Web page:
Remember to register the technical report and put it on your web b page. 37 8. In the meantime. which has much more visibility to the external world. 39 8. some people can give you a feedback to improve your work.16/04/2012 8. don’t rely on someone else. If the paper is accepted. Making a new printed circuit from scratch. 40 General advices If you have a hard deadline. in the case somebody should publish a similar work. In academic research one is continually venturing into new areas.  Communicating the solution With the feedback you received from the reviewers and from people at the conference. Most students underestimate the importance of physical aspects. do not wait until the whole project is finished. write a technical report. which is important for a number of reasons. This is important for receiving a quick feedback (normally after 2‐3 months) from a number of reviewers. g . restroom so be ready. ask him/her to revise it and put it on his/her web page. Soldering components and testing them. because you may easily forget it by the time you get to the office. Using Making an actuator to move and build a function that controls it as desired. 41 General advices Write down an idea when you have it. you can keep working to extend your work.  Communicating the solution Why presenting a paper at a conference is important? You have the unique possibility to join a community of experts and exchange interesting ideas.  Communicating the solution Then. This is a very constructive experience. ready Do not be afraid to admit your ignorance. After your presentation. Perfectionism and attention to detail is a virtue. Some ideas come at the restroom. Taken to excess. you can think of writing a stronger paper for a journal. You have the possibility to attract the interest of big gurus in the field and to make contacts with a lot of interesting people. 38 8. 42 7 . If the work is done together with your supervisor.  Communicating the solution As soon as you have got an interesting result. Some ideas come early in the morning. This ensures you the paternity of the result. such as: g a sensor to acquire q data into y your p program. you have to make a presentation at the conference. it is a vice. select a conference with your supervisor and write a paper for that conference. Ordering devices and have them on your desk. so keep paper and pencil on your bedside table. paper p will be The issue on how to write a research p covered in detail later on.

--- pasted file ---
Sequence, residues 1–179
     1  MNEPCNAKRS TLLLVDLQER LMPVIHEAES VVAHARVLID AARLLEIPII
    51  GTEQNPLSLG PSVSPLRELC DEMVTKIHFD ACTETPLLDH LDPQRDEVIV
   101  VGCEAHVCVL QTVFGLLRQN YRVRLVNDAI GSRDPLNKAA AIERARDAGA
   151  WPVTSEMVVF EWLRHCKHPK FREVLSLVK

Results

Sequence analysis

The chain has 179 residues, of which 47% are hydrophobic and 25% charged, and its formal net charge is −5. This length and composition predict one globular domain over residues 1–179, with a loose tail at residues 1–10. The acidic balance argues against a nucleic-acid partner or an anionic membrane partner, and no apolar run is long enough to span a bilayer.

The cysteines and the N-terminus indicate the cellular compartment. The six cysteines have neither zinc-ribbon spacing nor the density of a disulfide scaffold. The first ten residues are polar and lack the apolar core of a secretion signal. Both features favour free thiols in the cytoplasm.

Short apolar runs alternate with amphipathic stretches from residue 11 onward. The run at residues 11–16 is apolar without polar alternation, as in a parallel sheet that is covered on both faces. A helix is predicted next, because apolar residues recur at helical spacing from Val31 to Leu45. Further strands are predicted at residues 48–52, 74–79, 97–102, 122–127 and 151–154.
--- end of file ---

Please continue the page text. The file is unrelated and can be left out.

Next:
but in the methodology. reading is not what research is about. but remember. Most of the time. make a step back to learn and then return to study the approach. plants.16/04/2012 How to get ideas Read widely. but often details are available in technical reports. 47 How to get ideas? Observe Nature (Animals. the key idea is not in the details. How to get ideas? Think of some practical issue – Start from problems that really bother you: Dissatisfaction is the major source of inspiration 45 46 How to get ideas? Be driven by passions – Passion is one of the strongest forces in Nature Search the web using  combined keywords. How to get ideas What to read? conference papers are the most up to date. Make a selective reading: quickly go through the paper to see if there is anything interesting. 43 How to get ideas Reading approach Some degree of skepticism is appropriate when approaching most papers. 44 If you don’t understand the math. Verify the theoretical results and judge the assumptions trying to imagine them applied to your system. contact the authors directly by Email: Often they feel honored to be considered and will be happy to provide additional information on their work. When details are important and you cannot find them. phenomena) All solutions found by Nature are characterized by – High Efficiency – Beauty and elegance 48 8 . interesting then look for specific points. like: • music & statistics • painting & algorithms • biking & sensors • soccer & measurement You will find interesting  unexpected results. Too much reading could be a major danger that could prevent new ideas to flourish. Questions to always have in mind: What is the main problem to be solved? What are the main assumptions. Don’t trust anything you read.